U.S. Department of Labor Updates Overtime Rule

On September 24, 2019, the U.S. Department of Labor (“DOL”) announced a final rule that will purportedly make 1.3 million American workers newly eligible for overtime pay.  According to the DOL, the final rule updates the earnings thresholds necessary to exempt executive, administrative and professional employees from the Fair Labor Standards Act’s (“FLSA”) minimum wage and overtime pay requirements, and allows employers to count a portion of certain bonuses and commissions towards meeting the salary level.  The new thresholds are intended to account for growth in employee earnings since the thresholds were last updated in 2004.

The FLSA establishes a minimum wage, overtime pay, recordkeeping, and youth employment standards covering employees in the private sector and in federal, state, and local governments. Unless specifically exempted, employees are currently entitled to a federal minimum wage of not less than $7.25 per hour (New Hampshire law follows the federal minimum wage) and pay for hours worked in excess of 40 in a workweek at a rate not less than one and one-half their regular rate of pay, i.e. at “time and a half.”  This rate is referred to as “overtime” pay.

To qualify for an exemption from overtime pay under the new final rule, an employee generally must:

  1. be salaried, meaning that they are paid a predetermined and fixed salary that is not subject to reduction because of variations in the quality or quantity of work performed (the “salary basis test”);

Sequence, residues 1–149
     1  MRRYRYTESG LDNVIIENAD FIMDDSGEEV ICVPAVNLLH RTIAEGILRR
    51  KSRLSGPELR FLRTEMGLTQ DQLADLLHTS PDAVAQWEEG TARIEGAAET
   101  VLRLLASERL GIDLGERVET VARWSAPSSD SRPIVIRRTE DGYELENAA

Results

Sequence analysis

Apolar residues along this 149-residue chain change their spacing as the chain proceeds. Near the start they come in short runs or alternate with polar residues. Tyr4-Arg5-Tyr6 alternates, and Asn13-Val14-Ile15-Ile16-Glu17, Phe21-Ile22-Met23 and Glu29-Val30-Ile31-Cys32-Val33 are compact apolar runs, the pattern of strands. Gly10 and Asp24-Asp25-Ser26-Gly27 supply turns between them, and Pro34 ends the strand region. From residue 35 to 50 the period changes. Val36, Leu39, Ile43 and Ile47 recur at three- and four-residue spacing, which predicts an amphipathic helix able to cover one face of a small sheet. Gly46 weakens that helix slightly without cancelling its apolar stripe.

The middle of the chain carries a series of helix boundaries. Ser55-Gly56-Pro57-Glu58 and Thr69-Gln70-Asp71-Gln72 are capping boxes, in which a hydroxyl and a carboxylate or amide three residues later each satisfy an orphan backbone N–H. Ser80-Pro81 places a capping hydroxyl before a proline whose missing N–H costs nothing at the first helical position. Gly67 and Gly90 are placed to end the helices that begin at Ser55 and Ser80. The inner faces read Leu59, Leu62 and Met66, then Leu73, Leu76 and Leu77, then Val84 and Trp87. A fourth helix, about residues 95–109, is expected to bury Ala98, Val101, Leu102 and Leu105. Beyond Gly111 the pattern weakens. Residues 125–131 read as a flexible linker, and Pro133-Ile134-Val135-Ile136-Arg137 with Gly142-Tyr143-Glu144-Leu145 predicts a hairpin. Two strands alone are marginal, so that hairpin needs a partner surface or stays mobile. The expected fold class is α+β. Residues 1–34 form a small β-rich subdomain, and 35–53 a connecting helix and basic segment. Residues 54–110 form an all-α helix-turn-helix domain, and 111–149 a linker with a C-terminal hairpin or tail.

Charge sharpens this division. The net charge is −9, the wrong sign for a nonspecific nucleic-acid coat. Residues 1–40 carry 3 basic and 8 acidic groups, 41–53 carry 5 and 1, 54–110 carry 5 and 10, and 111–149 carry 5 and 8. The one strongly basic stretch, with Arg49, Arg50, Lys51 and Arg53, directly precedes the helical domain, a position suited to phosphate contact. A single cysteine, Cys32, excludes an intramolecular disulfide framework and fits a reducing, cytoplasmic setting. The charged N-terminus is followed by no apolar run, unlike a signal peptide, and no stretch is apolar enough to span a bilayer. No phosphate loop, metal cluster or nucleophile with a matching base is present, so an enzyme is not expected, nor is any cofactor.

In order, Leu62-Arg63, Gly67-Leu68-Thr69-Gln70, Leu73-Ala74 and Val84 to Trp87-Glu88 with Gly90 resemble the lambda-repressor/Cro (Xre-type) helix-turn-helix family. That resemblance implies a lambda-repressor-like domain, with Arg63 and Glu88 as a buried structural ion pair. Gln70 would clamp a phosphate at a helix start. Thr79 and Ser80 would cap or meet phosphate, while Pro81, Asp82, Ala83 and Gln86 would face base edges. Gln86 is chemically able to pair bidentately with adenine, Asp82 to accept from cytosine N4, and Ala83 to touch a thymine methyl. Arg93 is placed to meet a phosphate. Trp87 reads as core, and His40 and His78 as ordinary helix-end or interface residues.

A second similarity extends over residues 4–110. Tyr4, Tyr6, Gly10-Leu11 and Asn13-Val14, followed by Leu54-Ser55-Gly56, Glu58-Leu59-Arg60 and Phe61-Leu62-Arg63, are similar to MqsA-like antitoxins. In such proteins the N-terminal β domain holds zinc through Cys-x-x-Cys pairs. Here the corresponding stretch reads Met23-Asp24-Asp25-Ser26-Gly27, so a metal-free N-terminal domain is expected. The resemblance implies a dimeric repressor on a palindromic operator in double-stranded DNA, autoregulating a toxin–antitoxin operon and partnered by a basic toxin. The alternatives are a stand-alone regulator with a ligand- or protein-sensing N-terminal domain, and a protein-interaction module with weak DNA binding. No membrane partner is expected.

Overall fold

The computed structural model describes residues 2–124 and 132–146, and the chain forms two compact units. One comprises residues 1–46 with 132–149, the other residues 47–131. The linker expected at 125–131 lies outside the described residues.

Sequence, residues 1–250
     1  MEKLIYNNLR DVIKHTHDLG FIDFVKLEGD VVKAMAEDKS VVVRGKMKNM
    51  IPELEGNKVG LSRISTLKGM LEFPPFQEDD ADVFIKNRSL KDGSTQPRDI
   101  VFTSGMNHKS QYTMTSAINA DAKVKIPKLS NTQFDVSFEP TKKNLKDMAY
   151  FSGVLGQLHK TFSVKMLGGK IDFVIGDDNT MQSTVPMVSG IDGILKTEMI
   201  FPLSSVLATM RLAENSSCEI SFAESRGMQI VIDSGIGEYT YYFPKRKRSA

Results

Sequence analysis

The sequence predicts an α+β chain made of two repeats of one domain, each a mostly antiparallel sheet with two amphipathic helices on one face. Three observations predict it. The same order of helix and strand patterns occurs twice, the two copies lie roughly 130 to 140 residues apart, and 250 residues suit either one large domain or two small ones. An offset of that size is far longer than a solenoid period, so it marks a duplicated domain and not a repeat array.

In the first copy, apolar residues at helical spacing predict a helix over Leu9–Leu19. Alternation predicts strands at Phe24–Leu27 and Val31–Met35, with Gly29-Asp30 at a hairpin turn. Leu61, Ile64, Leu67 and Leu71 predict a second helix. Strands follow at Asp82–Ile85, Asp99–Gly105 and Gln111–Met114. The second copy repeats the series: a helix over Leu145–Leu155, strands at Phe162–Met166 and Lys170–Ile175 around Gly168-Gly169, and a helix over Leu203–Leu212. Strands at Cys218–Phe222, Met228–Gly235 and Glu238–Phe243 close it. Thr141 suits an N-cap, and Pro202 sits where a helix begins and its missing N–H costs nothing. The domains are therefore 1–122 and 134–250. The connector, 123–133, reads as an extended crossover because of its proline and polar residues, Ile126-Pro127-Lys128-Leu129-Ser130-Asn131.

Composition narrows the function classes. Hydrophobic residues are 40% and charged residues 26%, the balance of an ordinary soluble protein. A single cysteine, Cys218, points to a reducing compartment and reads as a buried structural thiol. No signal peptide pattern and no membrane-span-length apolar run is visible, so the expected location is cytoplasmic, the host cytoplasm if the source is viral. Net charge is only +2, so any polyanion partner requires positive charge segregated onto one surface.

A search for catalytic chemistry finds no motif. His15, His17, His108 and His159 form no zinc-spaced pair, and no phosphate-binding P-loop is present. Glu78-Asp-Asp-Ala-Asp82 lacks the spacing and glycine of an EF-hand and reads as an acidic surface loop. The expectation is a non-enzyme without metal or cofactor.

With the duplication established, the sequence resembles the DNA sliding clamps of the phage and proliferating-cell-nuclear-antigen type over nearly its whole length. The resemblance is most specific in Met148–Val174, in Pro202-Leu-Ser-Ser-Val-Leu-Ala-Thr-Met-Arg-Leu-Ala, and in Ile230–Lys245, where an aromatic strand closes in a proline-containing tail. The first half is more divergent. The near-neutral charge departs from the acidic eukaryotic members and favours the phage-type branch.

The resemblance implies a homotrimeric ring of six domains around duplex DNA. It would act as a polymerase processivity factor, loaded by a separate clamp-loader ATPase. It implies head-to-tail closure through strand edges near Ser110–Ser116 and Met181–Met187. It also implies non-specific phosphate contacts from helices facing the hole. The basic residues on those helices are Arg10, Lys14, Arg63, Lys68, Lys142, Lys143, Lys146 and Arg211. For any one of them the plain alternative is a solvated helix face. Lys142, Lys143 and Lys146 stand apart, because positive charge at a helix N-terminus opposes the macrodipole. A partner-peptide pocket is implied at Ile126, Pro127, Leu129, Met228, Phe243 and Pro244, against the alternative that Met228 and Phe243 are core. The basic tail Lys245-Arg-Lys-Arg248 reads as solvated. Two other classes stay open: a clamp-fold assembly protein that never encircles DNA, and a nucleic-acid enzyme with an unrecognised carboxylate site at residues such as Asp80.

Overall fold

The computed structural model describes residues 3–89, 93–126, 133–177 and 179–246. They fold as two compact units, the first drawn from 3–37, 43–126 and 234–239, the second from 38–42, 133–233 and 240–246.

2. be paid at least a specified weekly salary level, which is $684 per week (the equivalent of $35,568 annually for a full-year worker) under this final rule (the “salary level test”); and
  3. primarily perform executive, administrative, or professional duties, as defined in the Department’s regulations (the “duties test”).

Certain employees are not subject to either the salary basis or salary level tests (for example, doctors and lawyers). The Department’s regulations also provide an exemption for certain highly compensated employees (“HCEs”) who earn above a higher total annual compensation level ($107,432 under this final rule) and satisfy a minimal duties test.

Here are some key takeaways from the final rule:

  • raises the “standard salary level” from the current level of $455 per week to $684 per week (equivalent to $35,568 per year for a full-year worker);
  • raises the total annual compensation requirement for “highly compensated employees” from the current level of $100,000 per year to $107,432 per year;
  • allows employers to use nondiscretionary bonuses and incentive payments (including commissions) paid at least annually to satisfy up to 10% of the standard salary level; and
  • revises the special salary levels for workers in U.S. territories and the motion picture industry.

The Department has also stated that it intends to update the standard salary and “highly compensated employees” total annual compensation levels more regularly in the future.

The final rule takes effect on January 1, 2020.  Before then, employers should review their employees’ wages and classifications of exempt status to ensure compliance.

About the Author: Lindsay Nadeau

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